PAUL GIGOT: It's liberal social policy in this case, or what we would think of as liberal social policy, assisted suicide, and in California the use of medical marijuana. This year, the Supreme Court in the Raich case said the commerce clause of the Constitution allowed the federal government to overturn another state law that implemented liberal social policy.

BRIAN CARNEY: That's exactly right. And that's one of the things that's going to make this case so interesting to watch, Paul, is that in the Raich case we had a drug use law, and you had conservatives split on the law. Scalia went with the majority in overturning the medical marijuana law, where you had Thomas, who's normally considered to be Scalia's bosom buddy, along with O'Connor and Rehnquist, in the dissent -- that is, in favor of California's right to allow medical marijuana use. And so we have the stated ideals of federalism coming up against people's preferred social policies. And I think it's hard to know which way the court is going to go on this.

KIM STRASSEL: And this is a pretty straightforward states rights case, too. Remember, Oregon voters voted for this law in the first case. They also voted down a proposed repeal of this act. And the other thing, too, is that medical regulation has usually always been the province of the states.

PAUL GIGOT: Well, that's right. Would they have to overturn the Controlled Substances Act, though? Would the court have to do that in order to ...

BRIAN CARNEY: It didn't have to overturn the whole act. It would simply have to hold that the Attorney General -- then John Ashcroft, now Alberto Gonzales -- had overstepped his bounds in interpreting the law, and they could do that on the basis of Congressional intent, saying that the law was never passed, that the intention of preventing the use of barbiturates for assisted suicide. It probably wasn't contemplated either way, so that's an argument that could be used.

PAUL GIGOT: There's another precedent here, Dan. It's the Glucksberg case in 1997, a unanimous Supreme Court decision which said that there was no constitutional right to assisted suicide in the U.S. Constitution, and therefore states could ban it. But there was also something in that decision that may bear on this.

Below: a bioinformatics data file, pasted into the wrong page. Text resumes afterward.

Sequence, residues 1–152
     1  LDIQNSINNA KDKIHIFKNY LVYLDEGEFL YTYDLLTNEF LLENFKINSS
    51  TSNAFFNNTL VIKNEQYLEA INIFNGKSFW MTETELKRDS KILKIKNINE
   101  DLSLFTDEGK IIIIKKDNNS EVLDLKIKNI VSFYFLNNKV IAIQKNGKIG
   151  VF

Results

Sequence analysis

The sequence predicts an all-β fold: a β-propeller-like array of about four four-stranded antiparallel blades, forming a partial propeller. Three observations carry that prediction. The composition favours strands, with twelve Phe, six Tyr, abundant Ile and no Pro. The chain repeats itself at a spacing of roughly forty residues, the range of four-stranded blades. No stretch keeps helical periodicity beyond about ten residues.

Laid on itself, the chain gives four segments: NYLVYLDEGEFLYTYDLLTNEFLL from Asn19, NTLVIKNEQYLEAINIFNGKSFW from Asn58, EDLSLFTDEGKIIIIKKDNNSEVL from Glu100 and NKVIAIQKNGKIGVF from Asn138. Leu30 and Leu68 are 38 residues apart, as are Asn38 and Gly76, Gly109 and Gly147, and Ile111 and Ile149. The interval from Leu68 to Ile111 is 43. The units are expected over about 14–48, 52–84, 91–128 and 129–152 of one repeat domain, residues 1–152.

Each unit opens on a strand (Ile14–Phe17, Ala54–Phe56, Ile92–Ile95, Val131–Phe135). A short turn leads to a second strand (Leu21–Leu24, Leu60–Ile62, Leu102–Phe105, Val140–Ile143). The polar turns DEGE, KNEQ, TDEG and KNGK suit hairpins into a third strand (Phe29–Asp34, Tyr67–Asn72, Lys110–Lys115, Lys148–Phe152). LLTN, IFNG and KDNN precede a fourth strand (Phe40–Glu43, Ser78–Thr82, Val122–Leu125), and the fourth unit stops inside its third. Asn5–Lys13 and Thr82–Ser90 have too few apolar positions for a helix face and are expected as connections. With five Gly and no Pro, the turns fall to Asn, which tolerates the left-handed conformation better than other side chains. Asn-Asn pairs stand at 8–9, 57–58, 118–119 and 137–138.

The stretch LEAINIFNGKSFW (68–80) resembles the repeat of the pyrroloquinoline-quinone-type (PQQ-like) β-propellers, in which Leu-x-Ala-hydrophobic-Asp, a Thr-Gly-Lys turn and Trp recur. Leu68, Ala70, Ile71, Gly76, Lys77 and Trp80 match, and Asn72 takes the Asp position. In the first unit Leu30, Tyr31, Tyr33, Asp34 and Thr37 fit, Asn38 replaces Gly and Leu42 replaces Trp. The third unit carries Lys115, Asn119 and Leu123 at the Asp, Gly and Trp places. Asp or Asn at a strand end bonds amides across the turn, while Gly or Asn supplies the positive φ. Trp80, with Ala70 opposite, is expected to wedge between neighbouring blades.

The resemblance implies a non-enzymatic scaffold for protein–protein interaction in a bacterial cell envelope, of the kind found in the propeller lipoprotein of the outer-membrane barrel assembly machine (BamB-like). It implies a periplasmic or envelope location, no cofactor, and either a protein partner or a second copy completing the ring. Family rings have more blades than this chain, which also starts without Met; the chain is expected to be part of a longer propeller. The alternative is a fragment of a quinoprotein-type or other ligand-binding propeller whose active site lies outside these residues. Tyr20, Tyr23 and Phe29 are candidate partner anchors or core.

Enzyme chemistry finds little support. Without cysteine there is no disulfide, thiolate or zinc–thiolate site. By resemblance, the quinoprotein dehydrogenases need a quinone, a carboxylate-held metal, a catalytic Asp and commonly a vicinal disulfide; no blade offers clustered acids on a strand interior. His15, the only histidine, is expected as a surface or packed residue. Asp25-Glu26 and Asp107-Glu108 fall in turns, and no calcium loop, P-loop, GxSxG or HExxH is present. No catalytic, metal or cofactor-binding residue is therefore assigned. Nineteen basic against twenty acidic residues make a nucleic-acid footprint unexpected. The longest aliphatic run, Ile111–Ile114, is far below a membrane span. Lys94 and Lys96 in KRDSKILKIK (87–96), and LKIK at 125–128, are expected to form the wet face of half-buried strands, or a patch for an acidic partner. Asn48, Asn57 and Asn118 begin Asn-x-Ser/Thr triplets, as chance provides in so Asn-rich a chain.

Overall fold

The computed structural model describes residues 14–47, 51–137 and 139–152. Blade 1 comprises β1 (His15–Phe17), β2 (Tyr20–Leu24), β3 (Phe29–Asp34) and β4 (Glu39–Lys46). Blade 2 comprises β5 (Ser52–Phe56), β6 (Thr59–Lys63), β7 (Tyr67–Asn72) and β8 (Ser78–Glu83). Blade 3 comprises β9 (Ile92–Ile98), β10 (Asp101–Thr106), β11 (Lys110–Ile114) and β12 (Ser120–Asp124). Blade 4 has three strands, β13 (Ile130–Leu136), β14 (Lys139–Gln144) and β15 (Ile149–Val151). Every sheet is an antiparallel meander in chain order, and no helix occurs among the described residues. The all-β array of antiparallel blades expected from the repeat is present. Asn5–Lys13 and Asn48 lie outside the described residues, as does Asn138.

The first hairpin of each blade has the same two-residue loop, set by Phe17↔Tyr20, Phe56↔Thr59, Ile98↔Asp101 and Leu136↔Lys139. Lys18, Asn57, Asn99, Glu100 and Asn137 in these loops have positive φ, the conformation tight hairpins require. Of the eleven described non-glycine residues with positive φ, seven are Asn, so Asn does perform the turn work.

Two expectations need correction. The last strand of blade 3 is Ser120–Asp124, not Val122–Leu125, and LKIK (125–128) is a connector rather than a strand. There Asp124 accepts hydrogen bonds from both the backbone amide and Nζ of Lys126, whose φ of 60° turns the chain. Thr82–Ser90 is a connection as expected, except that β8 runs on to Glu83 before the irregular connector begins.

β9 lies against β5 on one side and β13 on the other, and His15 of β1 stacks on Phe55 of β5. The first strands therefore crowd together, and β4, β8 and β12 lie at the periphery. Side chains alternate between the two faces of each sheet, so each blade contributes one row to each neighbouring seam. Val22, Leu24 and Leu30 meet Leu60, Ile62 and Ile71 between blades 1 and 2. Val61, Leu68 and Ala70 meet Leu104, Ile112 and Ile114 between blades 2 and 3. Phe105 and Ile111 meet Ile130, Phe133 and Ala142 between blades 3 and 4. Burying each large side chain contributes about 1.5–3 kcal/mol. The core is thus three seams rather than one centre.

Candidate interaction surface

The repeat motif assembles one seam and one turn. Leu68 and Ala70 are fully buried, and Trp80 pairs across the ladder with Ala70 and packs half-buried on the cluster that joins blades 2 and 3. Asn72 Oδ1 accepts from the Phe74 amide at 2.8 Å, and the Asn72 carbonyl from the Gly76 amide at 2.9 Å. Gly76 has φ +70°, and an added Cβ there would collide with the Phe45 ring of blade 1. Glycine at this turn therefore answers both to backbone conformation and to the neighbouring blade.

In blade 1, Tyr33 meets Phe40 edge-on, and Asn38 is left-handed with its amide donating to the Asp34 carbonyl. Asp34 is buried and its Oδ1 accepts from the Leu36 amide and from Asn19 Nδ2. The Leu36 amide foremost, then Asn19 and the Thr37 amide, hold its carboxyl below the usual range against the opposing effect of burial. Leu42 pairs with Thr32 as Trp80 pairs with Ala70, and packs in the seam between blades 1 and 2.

DAN HENNINGER: And that decision was written by Chief Justice Rehnquist, and in the final paragraph of his decision he said that while assisted suicide had been banned in almost every state in our tradition and in our history, that it was nonetheless a legitimate issue for the states to take up inside their political system, and decide whether they wanted to pass such a law. Again, that was a nine to nothing decision. So there is a tendency inside the court to take an issue like this and respect it, as Justice O'Connor said, something appropriate for the laboratory of democracy.

BRIAN CARNEY: At the end of that Glucksberg case, Rehnquist said that this would allow the democratic debate to continue on the subject of assisted suicide. And this is a point that is often made against Roe v. Wade, that it cut off the debate and led to very high stakes, judicial fights and fights over nominees and fights over the Supreme Court. Whereas, if you had allowed states to vote, you'd probably end up with a basically liberal regime, but people wouldn't get so worked up about it because there would be a kind of democratic outlet.

PAUL GIGOT: This tells us, I think, that for a lot of conservatives, social conservatives, just as for a lot of liberals, what matters when it comes to these judicial decisions isn't the process, isn't the constitutional balance -- it's outcomes. It's let's get to our result, and if we can use the courts to do it, so be it.

KIM STRASSEL: And that's why there's going to be a big tension when this goes in front of the courts, especially now with Roberts as the chief justice, because you do have the 1997 case that says this is a legitimate state interest. Yet more recently, you do have the Raich, the medical marijuana case, where people said no, the federal government has the right to interfere in states issues.

BRIAN CARNEY: And when Roberts was interviewed in 1997 about the Glucksberg case, he said at the time that for him it wasn't a moral question, it was a question of deference to the states. But I think it's much easier to say that when the substance of the decision comports with your moral values in the first place.

PAUL GIGOT: I suspect that Justice Roberts, Chief Justice Roberts, who is, I think, a traditional judicial conservative, is going to come out on this exactly where Chief Justice Rehnquist would have come out, which is siding with the state of Oregon and saying, this is up to them. I get the last word this week. Thanks. Next subject.